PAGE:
If Oliver Stone were to direct a movie musical (we’ll forget that he wrote the script for Evita), this is probably what it would turn out like. There are many words to describe the film version of The Producers, but subtle is not one of them. The movie is like Blake Edwards’ later work; it seems so desperate for laughs that it is willing to choke them from the audience. The movie is based on the Broadway smash, itself adapted by Mel Brooks from his 1968 film. The setup is simple: Broadway hack Max Bialystock (Nathan Lane) enlists a nebbish accountant named Leo Bloom (Matthew Broderick) to help him stage a musical that?s guaranteed to flop so that the two of them can abscond with the money invested in it.
With a plot that slim and flimsy, the action needs to be brisk and light to keep the audience from pondering the inconsistencies. Unfortunately, director/choreographer Susan Stroman (who helmed the stage version as well) tells a lighthearted farce with a very heavy hand. Clocking well above the two-hour mark, the film wears out its welcome many times over. In addition, for a choreographer, Stroman?s staging is remarkably flat, as if the blocking from the stage version had simply been transferred to film. She also fails to put the camera to much use and the film looks and feels static and two-dimensional.
Regardless of your particular fondness for this kind of material, the actors should have fared better than they do here, particularly since many are vets of the Broadway version. Yet, that may very well be the biggest problem. The performances of the Broadway actors are arch and overdone, with supposed comic bits milked for extra laughs that aren’t there to begin with. Perhaps the worst offender is Broderick, whose performance is alternately mannered and boring. Affecting a nasal voice and a little-boy physicality (we get it, you’re a nerd), Broderick is never the engaging na?f he should be. In contrast to Broderick‘s blandness, Lane‘s hammy mugging is exhausting and embarrassing. Occasionally, he is able to provide genuine laughs, but he’s trying so hard the whole time that they barely seem worth the effort. Gary Beach and Roger Bart reprise their roles as the director and his “common-law assistant.” What could have been a lighthearted comic duo instead turn into garish stereotypes. In all, it’s as if Stroman and her Broadway cronies are constantly nudging the audience and saying, “Aren’t we cute?” The only bright spots are, ironically, the newcomers. Perhaps because the material isn’t as familiar to them, Will Ferrell and Uma Thurman come off as fresh and engaging, infusing the film with the energy you wish the rest of the company had. As the neo-nazi playwright, Ferrell does what none of the Broadway players does – he takes his part seriously. Ferrell manages to create some genuine comedy because his performance is free of the smug self-satisfied quality that plagues much of the cast (he also exhibits strong musical potential as his voice is quite nice). Perhaps the best player is Uma, who plays Ulla (I can hear David Letterman chuckling to himself), a not-as-dumb-as-she-looks Swedish ing’nue who captures Bloom’s heart and a role in their flop show, Springtime for Hitler. Thurman is a breath of fresh air, vital and endearing. Though obviously a novice singer and dancer, she comes off quite well, bringing the few smiles to my face during this long, lumpy film.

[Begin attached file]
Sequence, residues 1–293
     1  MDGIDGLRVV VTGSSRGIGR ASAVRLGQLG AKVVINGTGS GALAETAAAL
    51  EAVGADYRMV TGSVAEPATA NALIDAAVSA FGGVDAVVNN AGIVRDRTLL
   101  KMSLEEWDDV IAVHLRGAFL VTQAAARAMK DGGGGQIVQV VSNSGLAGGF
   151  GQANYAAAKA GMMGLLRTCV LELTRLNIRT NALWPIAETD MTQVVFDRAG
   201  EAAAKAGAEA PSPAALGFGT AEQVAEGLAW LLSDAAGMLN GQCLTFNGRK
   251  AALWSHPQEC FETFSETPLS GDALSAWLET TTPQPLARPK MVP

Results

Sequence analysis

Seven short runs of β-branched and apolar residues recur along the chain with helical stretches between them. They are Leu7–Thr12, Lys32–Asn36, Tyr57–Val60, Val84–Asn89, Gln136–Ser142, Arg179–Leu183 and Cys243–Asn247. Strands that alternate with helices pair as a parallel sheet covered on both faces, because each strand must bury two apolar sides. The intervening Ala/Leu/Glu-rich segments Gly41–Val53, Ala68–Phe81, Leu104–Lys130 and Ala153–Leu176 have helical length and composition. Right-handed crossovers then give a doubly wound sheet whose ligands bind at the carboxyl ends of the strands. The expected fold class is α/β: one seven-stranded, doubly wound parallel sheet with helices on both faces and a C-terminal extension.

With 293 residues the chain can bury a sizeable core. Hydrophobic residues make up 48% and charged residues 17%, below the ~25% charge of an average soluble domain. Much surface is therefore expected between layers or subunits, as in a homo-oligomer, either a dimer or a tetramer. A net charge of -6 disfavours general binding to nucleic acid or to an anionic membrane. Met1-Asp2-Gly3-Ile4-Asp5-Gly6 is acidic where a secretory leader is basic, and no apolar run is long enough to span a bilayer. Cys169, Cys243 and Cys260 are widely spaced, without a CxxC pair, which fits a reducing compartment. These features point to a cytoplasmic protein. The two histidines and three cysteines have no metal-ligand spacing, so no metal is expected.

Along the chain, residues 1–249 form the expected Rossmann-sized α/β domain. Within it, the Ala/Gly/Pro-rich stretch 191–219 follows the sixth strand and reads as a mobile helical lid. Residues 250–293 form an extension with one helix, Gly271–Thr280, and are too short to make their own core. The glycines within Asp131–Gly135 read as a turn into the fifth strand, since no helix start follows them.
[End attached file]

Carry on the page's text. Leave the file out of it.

As my mind wandered (which it did often) during the movie, it occurred to me that perhaps the other culprit besides Stroman?s leaden direction was the material itself. Perhaps as a culture, we?re too cynical and ironic for the kind of big, blowsy entertainment that The Producers aspires to be. Many critics think the original 1968 film to be comic genius, so it’s a shame that its reincarnation is so lackluster. However, the un-ironic part of me secretly hopes (and believes) that in the right hands, an old-fashioned song-and-shtick show like Mel Brooks’ The Producers is still possible. Better luck next time?
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